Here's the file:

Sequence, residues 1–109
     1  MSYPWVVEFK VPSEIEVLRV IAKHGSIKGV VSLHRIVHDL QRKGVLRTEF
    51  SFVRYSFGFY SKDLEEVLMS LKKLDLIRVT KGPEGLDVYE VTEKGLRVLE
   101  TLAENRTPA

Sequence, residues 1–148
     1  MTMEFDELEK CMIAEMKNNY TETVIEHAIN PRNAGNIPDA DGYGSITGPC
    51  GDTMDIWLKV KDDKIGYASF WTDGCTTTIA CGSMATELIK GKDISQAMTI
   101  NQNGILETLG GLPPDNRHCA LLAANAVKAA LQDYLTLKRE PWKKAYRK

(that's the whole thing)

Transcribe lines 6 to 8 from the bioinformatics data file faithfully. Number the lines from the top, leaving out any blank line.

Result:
     1  MTMEFDELEK CMIAEMKNNY TETVIEHAIN PRNAGNIPDA DGYGSITGPC
    51  GDTMDIWLKV KDDKIGYASF WTDGCTTTIA CGSMATELIK GKDISQAMTI
   101  NQNGILETLG GLPPDNRHCA LLAANAVKAA LQDYLTLKRE PWKKAYRK